UC Davis professor hurt in air crash returns to the U.S.
November 10, 2000
By Virginia Weigand
Kevin Rice, the UC Davis professor who survived the Singapore Airlines crash last week, has returned to Sacramento after spending several days in a hospital in Taipei, Taiwan.
Rice, professor of agronomy and range science, was one of 97 survivors of the crash that killed 82 people. Rice and his wife returned to California Sunday on a nearly 14-hour Singapore Airlines flight from Taipei to San Francisco, accompanied by a doctor and a nurse. After they arrived, Rice was transported by ambulance from San Francisco International Airport to UC Davis Medical Center’s burn unit.
Early this week, he was able to walk around the burn unit and had been scheduled for skin-graft surgery on his hands on Thursday. Visitors were limited to relatives only.
Rice traveled from Davis to Indonesia about five weeks ago to visit his wife, Jeanine Pfeiffer, a doctoral candidate at UC Davis who is doing field research in Indonesia. He was returning to Sacramento on Tuesday, Oct. 31, when Singapore Airlines Flight SQ006 crashed on takeoff. He suffered second-degree burns over 12 percent of his body when a fireball went through the plane, but managed to crawl his way out of the shattered tail section.
Singapore Airlines flew Pfeiffer to Taipei and provided her with 24-hour support throughout Rice’s stay in the hospital. Pfeiffer said that she was very happy about how Singapore Airlines and the hospital, treated them during the crisis.
Barry Meyers-Rice, Kevin Rice’s brother, is a scientist for The Nature Conservancy at UC Davis. "They really bent over backwards," he said of the airline and the hospital.
At a news briefing last week, Meyers-Rice, along with Michael Parrella, associate dean of the agricultural sciences division of the College of Agricultural and Environmental Sciences, Edward Caswell-Chen, professor of nematology and vice chair of the Graduate Group in Ecology, and two of Rice’s students shared their reactions upon learning that Rice had survived the crash.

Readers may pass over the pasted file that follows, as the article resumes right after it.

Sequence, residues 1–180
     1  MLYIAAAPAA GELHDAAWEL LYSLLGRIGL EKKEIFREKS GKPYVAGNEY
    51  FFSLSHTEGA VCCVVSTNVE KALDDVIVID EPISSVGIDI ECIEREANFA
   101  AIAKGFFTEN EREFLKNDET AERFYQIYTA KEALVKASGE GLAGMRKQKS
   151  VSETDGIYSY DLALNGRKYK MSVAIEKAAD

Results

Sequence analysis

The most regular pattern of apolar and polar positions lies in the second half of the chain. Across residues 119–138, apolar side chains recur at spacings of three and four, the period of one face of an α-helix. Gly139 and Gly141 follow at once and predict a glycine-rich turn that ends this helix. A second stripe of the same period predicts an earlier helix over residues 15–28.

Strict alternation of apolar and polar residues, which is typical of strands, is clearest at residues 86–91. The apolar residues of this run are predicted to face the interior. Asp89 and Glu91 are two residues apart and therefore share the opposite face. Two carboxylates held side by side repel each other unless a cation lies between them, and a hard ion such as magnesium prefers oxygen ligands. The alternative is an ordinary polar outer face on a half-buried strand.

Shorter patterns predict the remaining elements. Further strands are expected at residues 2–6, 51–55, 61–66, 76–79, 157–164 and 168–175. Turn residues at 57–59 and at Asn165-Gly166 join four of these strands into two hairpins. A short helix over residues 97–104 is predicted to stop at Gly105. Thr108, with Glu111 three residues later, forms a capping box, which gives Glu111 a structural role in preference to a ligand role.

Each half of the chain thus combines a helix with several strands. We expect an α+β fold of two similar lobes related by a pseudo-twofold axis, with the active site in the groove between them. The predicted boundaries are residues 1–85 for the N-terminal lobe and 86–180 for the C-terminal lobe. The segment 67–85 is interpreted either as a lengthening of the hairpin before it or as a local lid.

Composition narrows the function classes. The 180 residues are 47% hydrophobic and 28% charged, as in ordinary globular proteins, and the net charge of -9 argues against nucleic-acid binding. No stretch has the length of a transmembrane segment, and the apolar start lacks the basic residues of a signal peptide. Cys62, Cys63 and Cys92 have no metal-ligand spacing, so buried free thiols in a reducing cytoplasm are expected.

"It’s pretty amazing," said Meyers-Rice. "You see the footage and it looks like one of those crashes where no one is going to get out alive."
Rice joined the faculty at UC Davis in 1986 after completing his doctorate here in 1984. His research specialty is restoration and ecology, and he studies native species in an effort to restore disturbed lands and damaged ecosystems. He is also chair of the Graduate Group in Ecology.
John Gerlach, a former student who is now one of Rice’s research colleagues, commented on Rice’s survival skills, saying, "He’s a very resilient person."
When asked how the ecology group will manage during Rice’s absence, graduate student Kimberly Reever-Morghan pointed out that "the graduate students will have to be a little more independent for a while."
But, she added, "Probably before he’s even ready for it, he’ll be back here doing his thing. He’s the kind of person who puts school and students above himself quite often."
Meyers-Rice has been posting updates on his brother’s condition online. The page can be seen at http://www.sarracenia.com/kevin.html.
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